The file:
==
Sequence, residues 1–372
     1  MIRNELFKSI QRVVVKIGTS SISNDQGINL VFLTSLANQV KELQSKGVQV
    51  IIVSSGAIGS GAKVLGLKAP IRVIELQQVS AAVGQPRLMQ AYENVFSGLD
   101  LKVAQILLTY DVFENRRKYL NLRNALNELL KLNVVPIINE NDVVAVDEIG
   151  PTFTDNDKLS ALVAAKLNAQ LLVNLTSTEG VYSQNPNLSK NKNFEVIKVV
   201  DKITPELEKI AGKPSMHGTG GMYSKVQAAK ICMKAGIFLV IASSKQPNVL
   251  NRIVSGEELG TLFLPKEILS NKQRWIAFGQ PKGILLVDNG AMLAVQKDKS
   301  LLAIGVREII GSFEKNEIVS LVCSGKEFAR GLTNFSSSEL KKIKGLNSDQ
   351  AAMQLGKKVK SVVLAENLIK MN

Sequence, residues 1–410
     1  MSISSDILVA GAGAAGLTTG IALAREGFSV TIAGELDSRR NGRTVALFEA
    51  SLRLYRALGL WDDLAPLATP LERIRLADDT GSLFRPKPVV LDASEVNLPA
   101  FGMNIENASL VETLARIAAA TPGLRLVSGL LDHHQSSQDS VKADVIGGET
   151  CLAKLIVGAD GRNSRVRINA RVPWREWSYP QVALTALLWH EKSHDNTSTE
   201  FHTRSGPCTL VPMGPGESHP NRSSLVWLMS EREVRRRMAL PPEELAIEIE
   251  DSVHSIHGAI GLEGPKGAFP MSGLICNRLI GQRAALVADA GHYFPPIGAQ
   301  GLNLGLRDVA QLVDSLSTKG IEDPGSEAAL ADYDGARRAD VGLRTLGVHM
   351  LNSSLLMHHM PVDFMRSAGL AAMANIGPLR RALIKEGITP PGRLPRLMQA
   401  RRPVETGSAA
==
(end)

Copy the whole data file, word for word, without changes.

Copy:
Sequence, residues 1–372
     1  MIRNELFKSI QRVVVKIGTS SISNDQGINL VFLTSLANQV KELQSKGVQV
    51  IIVSSGAIGS GAKVLGLKAP IRVIELQQVS AAVGQPRLMQ AYENVFSGLD
   101  LKVAQILLTY DVFENRRKYL NLRNALNELL KLNVVPIINE NDVVAVDEIG
   151  PTFTDNDKLS ALVAAKLNAQ LLVNLTSTEG VYSQNPNLSK NKNFEVIKVV
   201  DKITPELEKI AGKPSMHGTG GMYSKVQAAK ICMKAGIFLV IASSKQPNVL
   251  NRIVSGEELG TLFLPKEILS NKQRWIAFGQ PKGILLVDNG AMLAVQKDKS
   301  LLAIGVREII GSFEKNEIVS LVCSGKEFAR GLTNFSSSEL KKIKGLNSDQ
   351  AAMQLGKKVK SVVLAENLIK MN

Sequence, residues 1–410
     1  MSISSDILVA GAGAAGLTTG IALAREGFSV TIAGELDSRR NGRTVALFEA
    51  SLRLYRALGL WDDLAPLATP LERIRLADDT GSLFRPKPVV LDASEVNLPA
   101  FGMNIENASL VETLARIAAA TPGLRLVSGL LDHHQSSQDS VKADVIGGET
   151  CLAKLIVGAD GRNSRVRINA RVPWREWSYP QVALTALLWH EKSHDNTSTE
   201  FHTRSGPCTL VPMGPGESHP NRSSLVWLMS EREVRRRMAL PPEELAIEIE
   251  DSVHSIHGAI GLEGPKGAFP MSGLICNRLI GQRAALVADA GHYFPPIGAQ
   301  GLNLGLRDVA QLVDSLSTKG IEDPGSEAAL ADYDGARRAD VGLRTLGVHM
   351  LNSSLLMHHM PVDFMRSAGL AAMANIGPLR RALIKEGITP PGRLPRLMQA
   401  RRPVETGSAA